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Science and Linguistics nut.
Love Sci-Fi and character driven fiction.
Hate excessive effects (weird, huh?)
Red State (2011)
Thrilling and incisive spectacle of the horror that is us.
Just by the name, I knew that this was not going to be a movie by the Kevin Smith that I mostly know for doing light movies or at least for analyzing deep subjects with depth and yet a bit of a tongue-in-cheek attitude.
I was sure that Kevin's ability with dialogues would probably be amazing if applied to serious subjects, but that was only the beginning.
As a great movie, it is hard to even categorize the genre to which it belongs. Formula movies of today can easily be classified, but this movie seems so true to life, that you can find in it action, horror, irony, drama and even a bit of comedy. I had to agree at some point that some of the random things that happen here may be taken as over-the-top by some, but are certainly very true to the unexpected nature of real life.
The dialogues are smart, but above all real, even if some may think they are not believable. The characters are realistic to the point that no one can be accused of being completely evil or totally noble. And that is such a refreshing take from such the strict and narrow range of personalities that practically all other movies offer. I was amazed at the conviction and realism with which the views of the religious fanatics is expressed. It is possible to understand how they come to match the lunacy of their actions with the righteousness of their beliefs. You can see the doubt in some, the conviction in others, the common sense at one time and at the same time the way it can be tainted and distorted just seconds later, and this can be said of all the sides involved. And yes, the conspiracy theory, which when presented by the news media may sound laughable, but when taken to its ultimate consequences in a serious film, serves perfectly well as a cautionary tale, or maybe as a warning of things that may be happening and we just don't know yet. And to those who think it over-the-top let me just say: "Whatever CAN happen WILL happen."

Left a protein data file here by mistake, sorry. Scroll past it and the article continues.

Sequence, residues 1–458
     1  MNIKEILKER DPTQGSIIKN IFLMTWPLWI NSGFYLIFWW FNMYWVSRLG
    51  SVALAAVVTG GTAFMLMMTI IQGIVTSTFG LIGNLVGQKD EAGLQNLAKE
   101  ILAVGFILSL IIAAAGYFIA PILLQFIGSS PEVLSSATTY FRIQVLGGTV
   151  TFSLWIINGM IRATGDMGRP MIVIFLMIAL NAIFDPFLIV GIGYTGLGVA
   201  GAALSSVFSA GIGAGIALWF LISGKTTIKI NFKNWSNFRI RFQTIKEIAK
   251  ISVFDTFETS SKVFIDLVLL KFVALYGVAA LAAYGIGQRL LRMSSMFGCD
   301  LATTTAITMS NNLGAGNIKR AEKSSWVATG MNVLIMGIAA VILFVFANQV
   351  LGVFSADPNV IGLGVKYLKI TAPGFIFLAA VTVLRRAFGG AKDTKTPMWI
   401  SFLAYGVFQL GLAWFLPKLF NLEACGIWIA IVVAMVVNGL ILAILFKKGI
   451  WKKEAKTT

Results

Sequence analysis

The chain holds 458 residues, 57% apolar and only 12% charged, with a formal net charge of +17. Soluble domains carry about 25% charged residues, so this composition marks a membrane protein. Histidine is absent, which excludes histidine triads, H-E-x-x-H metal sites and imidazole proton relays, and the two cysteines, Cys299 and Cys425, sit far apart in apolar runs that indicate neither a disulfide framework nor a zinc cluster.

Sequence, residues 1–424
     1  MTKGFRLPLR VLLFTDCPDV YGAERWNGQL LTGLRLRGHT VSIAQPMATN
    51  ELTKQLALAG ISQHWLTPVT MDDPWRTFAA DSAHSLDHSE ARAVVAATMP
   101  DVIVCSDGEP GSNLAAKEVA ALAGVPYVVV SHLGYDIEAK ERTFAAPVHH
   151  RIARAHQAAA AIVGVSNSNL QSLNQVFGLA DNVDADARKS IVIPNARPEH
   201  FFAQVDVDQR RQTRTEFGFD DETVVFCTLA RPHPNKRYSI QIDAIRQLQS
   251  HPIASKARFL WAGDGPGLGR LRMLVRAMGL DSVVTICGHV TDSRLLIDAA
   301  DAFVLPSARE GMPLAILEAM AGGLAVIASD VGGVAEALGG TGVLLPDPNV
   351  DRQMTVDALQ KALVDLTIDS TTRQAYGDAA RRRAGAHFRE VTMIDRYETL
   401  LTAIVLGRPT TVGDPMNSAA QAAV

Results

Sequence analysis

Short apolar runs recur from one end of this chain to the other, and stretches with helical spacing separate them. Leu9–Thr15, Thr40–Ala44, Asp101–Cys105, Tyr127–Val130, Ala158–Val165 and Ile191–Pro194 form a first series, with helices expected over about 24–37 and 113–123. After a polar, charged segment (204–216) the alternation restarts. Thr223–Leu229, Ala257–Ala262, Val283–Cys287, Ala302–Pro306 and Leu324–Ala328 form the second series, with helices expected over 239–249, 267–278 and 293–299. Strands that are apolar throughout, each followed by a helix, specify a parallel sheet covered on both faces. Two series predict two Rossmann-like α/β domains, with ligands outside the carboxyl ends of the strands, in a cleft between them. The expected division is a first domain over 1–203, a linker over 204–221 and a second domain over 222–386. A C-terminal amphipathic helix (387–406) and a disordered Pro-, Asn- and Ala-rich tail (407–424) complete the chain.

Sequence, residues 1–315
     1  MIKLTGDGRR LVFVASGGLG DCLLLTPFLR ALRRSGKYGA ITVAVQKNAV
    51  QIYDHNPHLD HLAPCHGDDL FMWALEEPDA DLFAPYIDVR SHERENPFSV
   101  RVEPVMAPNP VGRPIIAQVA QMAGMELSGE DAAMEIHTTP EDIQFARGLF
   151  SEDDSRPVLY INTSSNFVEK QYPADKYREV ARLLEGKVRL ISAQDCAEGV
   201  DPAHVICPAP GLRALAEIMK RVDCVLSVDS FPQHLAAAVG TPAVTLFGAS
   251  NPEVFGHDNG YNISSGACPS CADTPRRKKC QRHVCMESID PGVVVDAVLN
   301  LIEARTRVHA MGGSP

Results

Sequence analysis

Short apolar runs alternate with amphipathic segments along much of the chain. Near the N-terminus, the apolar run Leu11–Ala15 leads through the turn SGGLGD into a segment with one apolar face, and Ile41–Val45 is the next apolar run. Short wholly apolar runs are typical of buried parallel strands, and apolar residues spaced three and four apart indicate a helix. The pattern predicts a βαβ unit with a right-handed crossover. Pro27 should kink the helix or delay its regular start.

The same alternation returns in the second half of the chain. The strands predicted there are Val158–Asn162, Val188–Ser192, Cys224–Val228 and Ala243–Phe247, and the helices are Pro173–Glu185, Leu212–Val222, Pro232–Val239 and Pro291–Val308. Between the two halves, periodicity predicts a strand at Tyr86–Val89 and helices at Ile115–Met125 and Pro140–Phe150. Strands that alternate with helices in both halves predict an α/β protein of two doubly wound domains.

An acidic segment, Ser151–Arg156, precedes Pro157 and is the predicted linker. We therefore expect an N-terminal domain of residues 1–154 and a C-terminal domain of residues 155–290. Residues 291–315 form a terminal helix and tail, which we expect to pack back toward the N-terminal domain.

I guess if Smith decided to call this a horror film, it is not because of the horror situations, which are only a part of the movie, but because it shows the horror of what America can be, or may be is and we just don't know for sure.
Enjoy this film for the thrills, but if you watch it with your brain turned on you will see how far beyond it goes. Smith needs to do more films like this. I hope he is not afraid of being remembered as one of the great filmmakers.
Moore shows even more genius here than even in BSG
I think Caprica will make BSG feel a little bit childish in comparison.
Certainly the big themes of BSG are explored now with much more depth. It certainly satisfies the curiosity I had for the back story, the monotheism/polytheism dynamic, terrorism and especially how Cylons came to be.
I think the Sci-Fi in this pilot is very smart and hope that the drama part won't pull away some of the more childlike audiences who can't bear to watch five minutes without explosions and blazing guns. Still I am sure Ron Moore knows that action was an integral part of the success of BSG and I believe we will get to see some of that in the near future.